B. The Legislature Limited the Right to Pursue a Cause of Action Under the UPA

{7} In general, standing in New Mexico courts "is not derived from the state constitution, and is not jurisdictional." Deutsche Bank Nat’l Trust Co. v. Johnston , 2016-NMSC-013, ¶ 11, 369 P.3d 1046 (internal quotation marks and citation omitted). However, "[w]here the Legislature has granted specific persons a cause of action by statute, the statute governs who has standing to sue." San Juan Agric. Water Users , 2011-NMSC-011, ¶ 8, 150 N.M. 64, 257 P.3d 884 (citing ACLU of N.M. v. City of Albuquerque , 2008-NMSC-045, ¶ 9 n.1, 144 N.M. 471, 188 P.3d 1222 ). "Standing then becomes a jurisdictional prerequisite to an action" because standing is interwoven with subject matter jurisdiction. Deutsche Bank , 2016-NMSC-013, ¶ 11, 369 P.3d 1046 (internal quotation marks and citation omitted).

{8} GandyDancer and Rock House argue over whether the UPA contemplates competitor standing . However, a more precise framing of the issue is whether the UPA creates a cause of action to recover lost profits damages from a competitor. "A cause of action is defined as an ‘aggregate of operative facts which give rise to a right enforceable in the courts.’ " Key v. Chrysler Motors Corp. , 1996-NMSC-038, ¶ 11, 121 N.M. 764, 918 P.2d 350 (citation omitted). This Court has determined that there is no significant difference between having standing to sue and having a cause of action under the UPA. Id. ¶¶ 10-12. So whether this Court discusses it as a cause of action or standing, "both doctrines allow plaintiffs to enforce a right in the courts." Id. ¶ 11. A plaintiff must demonstrate that "the interest sought to be protected by the complainant is arguably within the zone of interests to be protected or regulated by the statute." Id. (internal quotation marks and citation omitted).

{9} GandyDancer argues that the cause of action created by the UPA should be broadly construed because there is no explicit "statement of legislative purpose" in the UPA, and therefore that the Legislature intended the UPA to police the marketplace against unfair trade practices generally, not only for the protection of consumers. GandyDancer further argues that this Court should overrule all precedent construing the purpose of the UPA to be the protection of innocent consumers, because "we don’t need to protect a consumer" so long as the UPA protects the market.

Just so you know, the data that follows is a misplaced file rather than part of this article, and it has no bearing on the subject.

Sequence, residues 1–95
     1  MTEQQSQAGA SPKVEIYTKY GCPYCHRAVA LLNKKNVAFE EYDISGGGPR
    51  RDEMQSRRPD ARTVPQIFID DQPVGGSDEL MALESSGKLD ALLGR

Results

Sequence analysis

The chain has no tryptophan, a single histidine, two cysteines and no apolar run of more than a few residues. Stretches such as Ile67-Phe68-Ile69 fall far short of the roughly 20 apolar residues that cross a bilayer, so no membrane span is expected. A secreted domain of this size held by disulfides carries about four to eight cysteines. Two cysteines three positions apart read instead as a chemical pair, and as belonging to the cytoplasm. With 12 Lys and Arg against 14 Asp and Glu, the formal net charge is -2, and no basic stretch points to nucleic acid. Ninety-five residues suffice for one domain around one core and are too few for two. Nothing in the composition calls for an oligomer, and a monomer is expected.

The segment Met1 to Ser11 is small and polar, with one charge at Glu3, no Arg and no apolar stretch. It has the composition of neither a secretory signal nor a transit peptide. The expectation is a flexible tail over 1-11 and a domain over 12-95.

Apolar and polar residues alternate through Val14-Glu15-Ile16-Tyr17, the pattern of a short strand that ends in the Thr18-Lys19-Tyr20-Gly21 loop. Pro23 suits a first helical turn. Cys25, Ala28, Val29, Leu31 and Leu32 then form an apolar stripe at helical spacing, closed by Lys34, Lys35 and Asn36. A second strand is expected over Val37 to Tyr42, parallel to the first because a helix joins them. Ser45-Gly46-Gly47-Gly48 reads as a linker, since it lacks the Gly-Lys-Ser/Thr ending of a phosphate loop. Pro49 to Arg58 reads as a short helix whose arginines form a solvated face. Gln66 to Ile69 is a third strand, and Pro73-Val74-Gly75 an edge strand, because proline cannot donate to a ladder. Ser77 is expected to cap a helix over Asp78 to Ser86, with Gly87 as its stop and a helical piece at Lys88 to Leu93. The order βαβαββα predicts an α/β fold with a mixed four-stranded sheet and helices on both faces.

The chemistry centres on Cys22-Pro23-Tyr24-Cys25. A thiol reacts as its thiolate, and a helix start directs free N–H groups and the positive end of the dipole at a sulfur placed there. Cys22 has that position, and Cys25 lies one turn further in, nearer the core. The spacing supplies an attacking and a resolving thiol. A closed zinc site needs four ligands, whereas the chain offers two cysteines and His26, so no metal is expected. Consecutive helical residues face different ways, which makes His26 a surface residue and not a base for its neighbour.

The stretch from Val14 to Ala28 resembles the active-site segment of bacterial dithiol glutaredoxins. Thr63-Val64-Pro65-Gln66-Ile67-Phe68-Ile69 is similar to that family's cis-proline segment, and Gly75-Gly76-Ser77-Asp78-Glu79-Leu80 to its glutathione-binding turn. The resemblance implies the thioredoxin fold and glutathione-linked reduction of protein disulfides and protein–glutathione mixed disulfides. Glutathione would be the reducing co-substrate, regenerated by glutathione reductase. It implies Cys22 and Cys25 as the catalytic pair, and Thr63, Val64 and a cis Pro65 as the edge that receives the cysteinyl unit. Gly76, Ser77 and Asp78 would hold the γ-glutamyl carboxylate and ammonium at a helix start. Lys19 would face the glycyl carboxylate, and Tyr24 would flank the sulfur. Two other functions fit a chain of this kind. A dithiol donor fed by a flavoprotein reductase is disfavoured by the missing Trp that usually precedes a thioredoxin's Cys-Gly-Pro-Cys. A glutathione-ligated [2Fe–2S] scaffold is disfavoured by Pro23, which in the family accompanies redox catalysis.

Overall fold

{10} Although the Court of Appeals did not go as far as GandyDancer urged, it nonetheless construed the UPA to permit competitor standing so long as the competitor alleges a loss of money or property resultant from any unlawful act "involv[ing] consumer protection concerns or trade practices addressed to the market generally." Gandydancer , 2018-NMCA-064, ¶ 20, 429 P.3d 338. We respectfully disagree. The historical amendments to the UPA limited the zone of interest protected. Harmonizing the UPA with its foundational principle and existing law allows only one conclusion: Currently, the UPA does not provide a cause of action for competitive injury claims.

1. The statutory text and a preliminary construction

{11} The Legislature created a private cause, for "[a]ny person who suffers any loss of money or property ... as a result of any employment by another person of a method, act or practice declared unlawful by the [UPA, to] bring an action to recover actual damages ...." Section 57-12-10(B). Concerning the specific acts prohibited, the UPA declares that "[u]nfair or deceptive trade practices and unconscionable trade practices in the conduct of any trade or commerce are unlawful." Section 57-12-3. The UPA defines an "unfair or deceptive trade practice" as

an act specifically declared unlawful pursuant to the Unfair Practices Act, a false or misleading oral or written statement, visual description or other representation of any kind knowingly made in connection with the sale, lease, rental or loan of goods or services or in the extension of credit or in the collection of debts by a person in the regular course of the person’s trade or commerce, that may, tends to or does deceive or mislead any person ...."

Section 57-12-2(D). The definition of unfair or deceptive trade practices includes a nonexhaustive list of nineteen such acts. See id.

{12} "[P]erson" is defined as "natural persons, corporations, trusts, partnerships, associations, cooperative associations, clubs, companies, firms, joint ventures or syndicates[.]" Section 57-12-2(A). The Court of Appeals focused on the fact that GandyDancer fits the UPA definition of a person and concluded that under the broad language of the subsection establishing private remedies, GandyDancer could bring an action to recover any loss it experienced resultant from any unlawful method, act, or practice. See Gandydancer , 2018-NMCA-064, ¶ 20, 429 P.3d 338 ; see also § 57-12-10(B).

{13} Although a court begins its analysis "by looking at the language of the statute itself[,]" courts must "exercise...